America is dangerously dependent on foreign oil.
In 2007, the United States imported around 13.44 mbd (million barrels daily) from other countries. This represents an almost 2% reduction over the preceding year. Nonetheless, oil represents a huge economic Achilles Heel for the US.
At the current $145.29/barrel
price for crude on the spot market, a year's worth of oil imports would cost the US $713 billion. Or 5.2% of 2007 US nominal GDP. Or almost three times our trade deficit with the People's Republic of China. It doesn't take a rocket scientist to figure out that this is bound to impact the US economy.
I'm going to be lazy today, and err to the use of graphics to make my point. Much of the current energy debate in the US centers on how inefficient our motor vehicles are compared to the rest of the planet. Look they say at the following graph that shows just how inefficient our vehicles are. This is the average fuel economy for various national fleets.
Information released from the 2001 National Household Travel Survey shows that there is a great deal of truth to this.
First, while the oil shock of the late 70s produced a noticeable increase in fuel efficiency, since the early 1980s increases in engine efficiency have been channeled into greater horsepower.
So we've been buying more powerful cars, and it's not only that. We've been building larger vehicles.
America's automotive proclivities demonstrate perhaps better than any other single area the extent to which our country has become inclined to conspicuous consumption, the waste of economic resources by individuals so as to convey their social standing to others. I'm convinced that much of modern American society is better understood through a careful reading of Thorsten Veblen than an exaggeration of what was said by Adam Smith.
After all, Smith himself famously said that defense is superior to opulence.
The irony of this though is that just as SUVs have become an object of conspicuous consumption, environmentally friendly vehicles like the Prius have arguably become the same. Yet much as our latter day leisure class finds merit in the supposed social superiority of their little hybrid, Jonathan Tasini reminds us that merely because an object is environmentally friendly does not mean that it is socially beneficial. Who know that the Prius came out of sweatshops?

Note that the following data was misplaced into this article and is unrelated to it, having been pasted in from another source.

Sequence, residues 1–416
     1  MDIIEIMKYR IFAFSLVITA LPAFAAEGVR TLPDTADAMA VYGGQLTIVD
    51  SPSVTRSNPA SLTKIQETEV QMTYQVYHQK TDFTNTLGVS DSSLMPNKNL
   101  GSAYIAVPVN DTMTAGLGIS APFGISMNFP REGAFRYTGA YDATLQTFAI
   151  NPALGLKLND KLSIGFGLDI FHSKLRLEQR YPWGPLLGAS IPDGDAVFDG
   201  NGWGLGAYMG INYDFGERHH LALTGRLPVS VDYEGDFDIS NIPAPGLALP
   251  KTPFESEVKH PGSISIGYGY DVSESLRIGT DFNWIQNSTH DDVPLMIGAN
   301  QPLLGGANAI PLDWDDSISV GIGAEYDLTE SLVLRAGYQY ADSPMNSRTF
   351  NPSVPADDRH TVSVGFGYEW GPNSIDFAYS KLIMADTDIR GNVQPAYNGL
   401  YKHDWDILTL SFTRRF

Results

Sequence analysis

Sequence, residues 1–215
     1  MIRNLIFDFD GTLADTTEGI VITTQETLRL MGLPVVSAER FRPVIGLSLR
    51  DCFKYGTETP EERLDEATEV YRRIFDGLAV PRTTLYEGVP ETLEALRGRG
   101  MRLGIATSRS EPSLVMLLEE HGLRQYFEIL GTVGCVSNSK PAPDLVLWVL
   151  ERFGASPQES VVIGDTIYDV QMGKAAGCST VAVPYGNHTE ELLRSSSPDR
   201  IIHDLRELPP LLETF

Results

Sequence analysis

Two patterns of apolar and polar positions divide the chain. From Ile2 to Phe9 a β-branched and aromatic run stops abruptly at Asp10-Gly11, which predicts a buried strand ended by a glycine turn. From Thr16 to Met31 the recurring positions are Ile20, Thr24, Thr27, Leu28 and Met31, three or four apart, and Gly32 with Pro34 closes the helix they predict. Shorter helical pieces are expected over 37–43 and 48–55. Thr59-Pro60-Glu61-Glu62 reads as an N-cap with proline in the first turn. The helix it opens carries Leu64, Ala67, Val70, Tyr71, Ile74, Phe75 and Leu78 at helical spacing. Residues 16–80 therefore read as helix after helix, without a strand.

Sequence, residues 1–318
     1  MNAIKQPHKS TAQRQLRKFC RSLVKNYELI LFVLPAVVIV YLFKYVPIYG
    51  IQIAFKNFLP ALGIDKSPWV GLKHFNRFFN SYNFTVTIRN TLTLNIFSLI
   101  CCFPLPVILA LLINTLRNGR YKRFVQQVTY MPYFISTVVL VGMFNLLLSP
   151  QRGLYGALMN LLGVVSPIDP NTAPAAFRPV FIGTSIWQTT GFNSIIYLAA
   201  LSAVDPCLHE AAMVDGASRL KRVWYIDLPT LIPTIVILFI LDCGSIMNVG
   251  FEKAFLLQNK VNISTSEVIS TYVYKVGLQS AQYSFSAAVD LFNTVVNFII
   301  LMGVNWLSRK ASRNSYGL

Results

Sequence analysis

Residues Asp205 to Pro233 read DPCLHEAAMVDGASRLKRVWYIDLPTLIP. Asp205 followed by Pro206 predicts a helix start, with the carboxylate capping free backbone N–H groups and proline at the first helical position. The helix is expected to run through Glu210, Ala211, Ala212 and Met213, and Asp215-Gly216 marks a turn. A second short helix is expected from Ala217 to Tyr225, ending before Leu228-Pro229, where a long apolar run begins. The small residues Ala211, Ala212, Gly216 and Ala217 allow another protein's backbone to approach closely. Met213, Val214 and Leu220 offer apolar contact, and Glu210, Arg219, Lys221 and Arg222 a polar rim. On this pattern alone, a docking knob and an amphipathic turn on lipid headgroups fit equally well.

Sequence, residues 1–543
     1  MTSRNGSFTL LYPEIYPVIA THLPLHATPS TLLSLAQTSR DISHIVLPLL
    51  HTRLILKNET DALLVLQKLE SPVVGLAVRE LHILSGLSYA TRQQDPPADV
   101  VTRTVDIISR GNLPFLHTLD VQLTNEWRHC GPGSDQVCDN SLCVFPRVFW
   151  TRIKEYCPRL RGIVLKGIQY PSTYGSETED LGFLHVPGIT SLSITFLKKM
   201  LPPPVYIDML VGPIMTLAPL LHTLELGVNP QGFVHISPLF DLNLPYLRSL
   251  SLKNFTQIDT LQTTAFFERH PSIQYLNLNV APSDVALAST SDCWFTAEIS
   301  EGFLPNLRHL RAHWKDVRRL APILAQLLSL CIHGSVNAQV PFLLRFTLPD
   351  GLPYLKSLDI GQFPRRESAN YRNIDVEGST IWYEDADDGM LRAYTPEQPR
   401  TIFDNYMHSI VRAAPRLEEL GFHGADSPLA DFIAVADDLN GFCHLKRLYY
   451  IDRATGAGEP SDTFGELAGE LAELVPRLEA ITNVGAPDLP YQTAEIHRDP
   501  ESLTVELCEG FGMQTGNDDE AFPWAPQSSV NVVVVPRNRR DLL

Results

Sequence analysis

Back to the main point. While the Prius people have managed to convert what is ostensibly a socially beneficial act into yet another manner in which to demonstrate the intellectual (and hence social) deficiency of those who haven't the money to engage in this type of conspicuous consumption, the single largest component behind increasing oil consumption is an increase in vehicle miles traveled.
From the Energy Information Administration:
So lets take a look. I'm going to convert some of the numbers here for ease of use. In 1983, energy intensity was 66.2 per 1000 miles, by 2001, that number had decreased to 49.5.
Converting this to miles per gallon.
In 1983, vehicles received on average 15.1 miles per gallon. In 2001, that had increased to about 20.2 miles per gallon.
Yet between 1983 and 2002, gasoline consumption increased more than 40% from 80.3 billion gallons in 1983 to 113.1 billion gallons in 2001.
But you say. In 1983 there were only 233.8 million Americans while in 2001 there were 285.1 million Americans. So that means that in 1983, each American consumed 281.6 gallons of gasoline annually. While in 2003, each American consumed on average 396.7 gallons of gasoline.
So clearly it wasn't that the increase in population that made America consume more gas, so what did?
Math isn't my forte, but I'll give it a try.
Gas = Population (Miles traveled/Miles per gal.)
So, yes rapid increases in population can outweigh any increases in engine efficiency. However, there's a component we've overlooked: Miles traveled.
In order to avoid double counting, I'm going to use vehicle miles traveled rather than passenger miles traveled Some times more than 1 person is in a car, so you have twice number of passenger miles that you have of vehicle miles even though the same amount of gas is used.
So in 1983, 1215 billion gallons were consumed, while in 2001, 2287 billion gallons were consumed. In 1983 there were only 233.8 million Americans while in 2001 there were 285.1 million Americans. So that means in that without double counting 1983, on average each American traveled 5,197 miles annually, while in 2001 each American traveled 8,022 miles. This a 54% increase since 1983.
We've been blamed bad cars, but might, just might it be that all the self-righteous Prius People skitting who live 30 miles from work might be at fault?
I mean, as US DOT numbers show most trips are taken to and from work.
Then again, maybe not.
So let's get down to business. What would happen to our national gas consumption if we had the same number of people, and the same engine efficiency, just reduced the miles traveled per person to the 1983 number?
Gas =285.1 million(5197/20.2)
That would bring the gas consumption per person down to 257.27 gallons, or 73.35 billion gallons annually. Again as things stand now Americans use 113.1 billion gallons. That cuts gas consumption by more than a third without even touching existing engines. This has the same effect as increasing the fleet average fuel efficiency to 30.2 gallons per mile.
Perhaps in asking how to allow people to drive more efficiently to cut gas consumption, we are asking the wrong question. Maybe we need to ask what improvements in urban planning are needed to get people out of their cars.
The Prius people strike me a lot like methadone junkies, the question they ask isn't how to kick the habit, but how to keep it rolling. And the real tragedy is that keeping people in their cars perpetuates one of the key means by which individuals indicate social status in our unequal society.
I hope I haven't rambled on to much.